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Download Then We Saw the Flames: Stories (Juniper Prize for Poetry) fb2, epub

by Daniel A. Hoyt

Download Then We Saw the Flames: Stories (Juniper Prize for Poetry) fb2, epub

ISBN: 1558496998
Author: Daniel A. Hoyt
Language: English
Publisher: University of Massachusetts Press; 1 edition (April 28, 2009)
Pages: 128
Category: Short Stories & Anthologies
Subcategory: Literature
Rating: 4.5
Votes: 384
Size Fb2: 1307 kb
Size ePub: 1589 kb
Size Djvu: 1699 kb
Other formats: mobi txt lrf lrf


A wonderful book that brings together thirteen stories that are odd bedfellows―now realist, now magical . Daniel A. Hoyt seems to have a fetish for the unsatisfied.

A wonderful book that brings together thirteen stories that are odd bedfellows―now realist, now magical, now minimalist, now no. Reading his first book, Then We Saw the Flames, is something like riding through an old-time dark ride as Hoyt guides us through thirteen portraits of men, women, and children struggling to find satisfaction and meaning in their existence, or, sometimes more importantly, simply in the moments of their lives.

Start by marking Then We Saw the Flames: Stories as Want to Read . Juniper Prize for Fiction (2009). This book is perfection. Each story could be the climax, the quintessential way to finish.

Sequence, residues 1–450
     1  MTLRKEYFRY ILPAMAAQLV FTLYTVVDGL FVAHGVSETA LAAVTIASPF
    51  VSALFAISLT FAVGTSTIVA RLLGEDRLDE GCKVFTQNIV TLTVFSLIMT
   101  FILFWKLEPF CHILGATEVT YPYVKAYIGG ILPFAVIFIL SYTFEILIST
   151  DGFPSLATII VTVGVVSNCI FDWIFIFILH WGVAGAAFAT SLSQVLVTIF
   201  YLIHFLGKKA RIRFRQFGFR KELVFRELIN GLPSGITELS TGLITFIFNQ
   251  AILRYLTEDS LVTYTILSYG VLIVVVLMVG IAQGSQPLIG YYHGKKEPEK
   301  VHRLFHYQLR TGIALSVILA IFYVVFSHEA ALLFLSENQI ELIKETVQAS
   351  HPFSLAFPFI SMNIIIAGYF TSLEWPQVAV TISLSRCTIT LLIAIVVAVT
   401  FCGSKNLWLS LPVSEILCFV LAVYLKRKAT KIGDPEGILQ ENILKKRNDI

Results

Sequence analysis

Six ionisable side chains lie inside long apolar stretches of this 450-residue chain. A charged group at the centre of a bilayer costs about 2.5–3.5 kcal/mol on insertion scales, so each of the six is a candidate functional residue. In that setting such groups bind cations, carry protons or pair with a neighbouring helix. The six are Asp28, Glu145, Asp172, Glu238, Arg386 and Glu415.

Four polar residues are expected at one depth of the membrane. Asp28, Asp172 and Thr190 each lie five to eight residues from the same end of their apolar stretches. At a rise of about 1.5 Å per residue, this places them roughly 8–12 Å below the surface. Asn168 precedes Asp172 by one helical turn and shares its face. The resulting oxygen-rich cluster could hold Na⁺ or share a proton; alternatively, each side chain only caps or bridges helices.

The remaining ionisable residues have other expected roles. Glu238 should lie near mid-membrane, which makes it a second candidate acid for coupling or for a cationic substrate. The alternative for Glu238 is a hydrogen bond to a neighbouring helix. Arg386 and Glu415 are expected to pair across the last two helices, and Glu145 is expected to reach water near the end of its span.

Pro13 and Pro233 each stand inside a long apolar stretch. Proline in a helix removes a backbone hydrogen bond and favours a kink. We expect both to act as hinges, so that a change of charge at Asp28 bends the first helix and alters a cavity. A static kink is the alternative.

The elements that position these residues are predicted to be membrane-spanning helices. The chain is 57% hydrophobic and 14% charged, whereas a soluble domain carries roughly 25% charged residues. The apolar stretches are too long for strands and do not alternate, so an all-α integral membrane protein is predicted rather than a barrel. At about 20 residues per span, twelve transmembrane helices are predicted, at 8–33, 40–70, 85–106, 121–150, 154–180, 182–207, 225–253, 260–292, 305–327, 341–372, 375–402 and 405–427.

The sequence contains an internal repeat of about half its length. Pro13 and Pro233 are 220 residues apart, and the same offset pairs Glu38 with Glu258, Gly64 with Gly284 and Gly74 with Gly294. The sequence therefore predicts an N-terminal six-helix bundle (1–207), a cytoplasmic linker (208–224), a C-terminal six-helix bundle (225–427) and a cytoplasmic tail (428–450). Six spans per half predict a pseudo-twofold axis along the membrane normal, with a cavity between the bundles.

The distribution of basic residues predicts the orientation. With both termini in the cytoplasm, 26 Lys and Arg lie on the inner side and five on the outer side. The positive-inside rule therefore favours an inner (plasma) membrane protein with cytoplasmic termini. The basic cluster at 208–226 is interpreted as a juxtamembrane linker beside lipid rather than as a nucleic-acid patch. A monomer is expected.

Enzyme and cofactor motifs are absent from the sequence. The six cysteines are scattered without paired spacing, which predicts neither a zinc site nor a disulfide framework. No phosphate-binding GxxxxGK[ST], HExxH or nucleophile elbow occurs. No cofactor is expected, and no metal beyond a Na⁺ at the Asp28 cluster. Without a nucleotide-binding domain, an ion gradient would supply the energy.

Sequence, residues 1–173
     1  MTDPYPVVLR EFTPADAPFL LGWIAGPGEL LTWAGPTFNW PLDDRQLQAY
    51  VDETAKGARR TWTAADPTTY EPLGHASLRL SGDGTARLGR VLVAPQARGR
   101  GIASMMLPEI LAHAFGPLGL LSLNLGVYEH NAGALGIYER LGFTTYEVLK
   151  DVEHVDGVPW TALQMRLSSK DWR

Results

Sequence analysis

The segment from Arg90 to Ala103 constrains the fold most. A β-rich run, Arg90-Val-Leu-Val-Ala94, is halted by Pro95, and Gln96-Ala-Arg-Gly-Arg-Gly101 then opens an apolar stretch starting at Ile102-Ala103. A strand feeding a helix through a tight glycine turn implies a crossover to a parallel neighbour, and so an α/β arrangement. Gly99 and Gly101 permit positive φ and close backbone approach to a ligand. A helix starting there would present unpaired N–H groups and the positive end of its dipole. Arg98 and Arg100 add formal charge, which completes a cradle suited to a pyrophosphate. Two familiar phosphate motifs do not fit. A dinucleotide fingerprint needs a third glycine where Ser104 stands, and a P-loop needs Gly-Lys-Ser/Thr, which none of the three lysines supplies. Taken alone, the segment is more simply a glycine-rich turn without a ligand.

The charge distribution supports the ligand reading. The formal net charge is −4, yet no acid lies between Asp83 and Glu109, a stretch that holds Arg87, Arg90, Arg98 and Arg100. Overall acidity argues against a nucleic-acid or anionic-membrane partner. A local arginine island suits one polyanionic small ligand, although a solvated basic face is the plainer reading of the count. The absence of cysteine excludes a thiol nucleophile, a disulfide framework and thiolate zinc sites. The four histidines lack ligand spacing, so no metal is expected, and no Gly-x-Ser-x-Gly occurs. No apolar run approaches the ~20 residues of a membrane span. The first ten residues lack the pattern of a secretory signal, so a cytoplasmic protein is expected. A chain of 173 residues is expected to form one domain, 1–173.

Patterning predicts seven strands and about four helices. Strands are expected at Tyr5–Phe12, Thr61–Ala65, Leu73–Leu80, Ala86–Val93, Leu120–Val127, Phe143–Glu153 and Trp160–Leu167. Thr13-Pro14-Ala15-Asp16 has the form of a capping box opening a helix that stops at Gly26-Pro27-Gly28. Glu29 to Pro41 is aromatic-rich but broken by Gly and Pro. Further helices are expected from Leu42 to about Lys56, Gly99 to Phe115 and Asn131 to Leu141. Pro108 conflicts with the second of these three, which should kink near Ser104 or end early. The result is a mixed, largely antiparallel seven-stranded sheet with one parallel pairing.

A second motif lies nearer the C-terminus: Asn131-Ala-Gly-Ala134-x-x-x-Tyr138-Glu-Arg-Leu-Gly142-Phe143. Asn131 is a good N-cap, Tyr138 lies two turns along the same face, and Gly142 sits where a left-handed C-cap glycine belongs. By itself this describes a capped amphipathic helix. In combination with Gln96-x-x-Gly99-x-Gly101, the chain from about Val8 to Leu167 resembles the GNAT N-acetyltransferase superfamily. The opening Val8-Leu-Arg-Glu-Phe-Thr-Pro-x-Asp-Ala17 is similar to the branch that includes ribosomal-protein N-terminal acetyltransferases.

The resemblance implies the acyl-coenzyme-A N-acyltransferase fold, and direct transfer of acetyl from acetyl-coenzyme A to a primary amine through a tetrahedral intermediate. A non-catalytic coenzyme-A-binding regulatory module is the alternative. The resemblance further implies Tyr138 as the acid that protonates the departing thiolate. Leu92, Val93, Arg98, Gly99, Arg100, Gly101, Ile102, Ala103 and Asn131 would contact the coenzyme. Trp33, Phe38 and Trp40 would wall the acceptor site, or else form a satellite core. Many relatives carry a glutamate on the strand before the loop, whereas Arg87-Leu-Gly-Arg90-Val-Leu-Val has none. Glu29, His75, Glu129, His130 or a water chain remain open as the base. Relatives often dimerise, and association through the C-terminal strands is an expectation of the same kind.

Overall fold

Start by marking Then We Saw the Flames: Stories as Want to Read: Want to Read savin. ant to Read. I read this same author's novel, This Book is Not for You. The novel was exquisite, but his short stories are masterful.

Series: Juniper Prize for Poetry

Series: Juniper Prize for Poetry. In this freewheeling debut collection, Daniel A. Hoyt takes us from the swamps of Florida to the streets of Dresden, to the skies above America, to the tourist hotels of Acapulco, to the southwest corner of Nebraska. In each of these stories, characters find themselves challenged by the political, cultural, and spiritual forces that define their lives. With a clear eye and a steady hand, Hoyt explores a fragile balance: the flames-fueled by love, loss, hope, and family-shed new light on us. Sometimes we feel warmth, and sometimes we simply burn.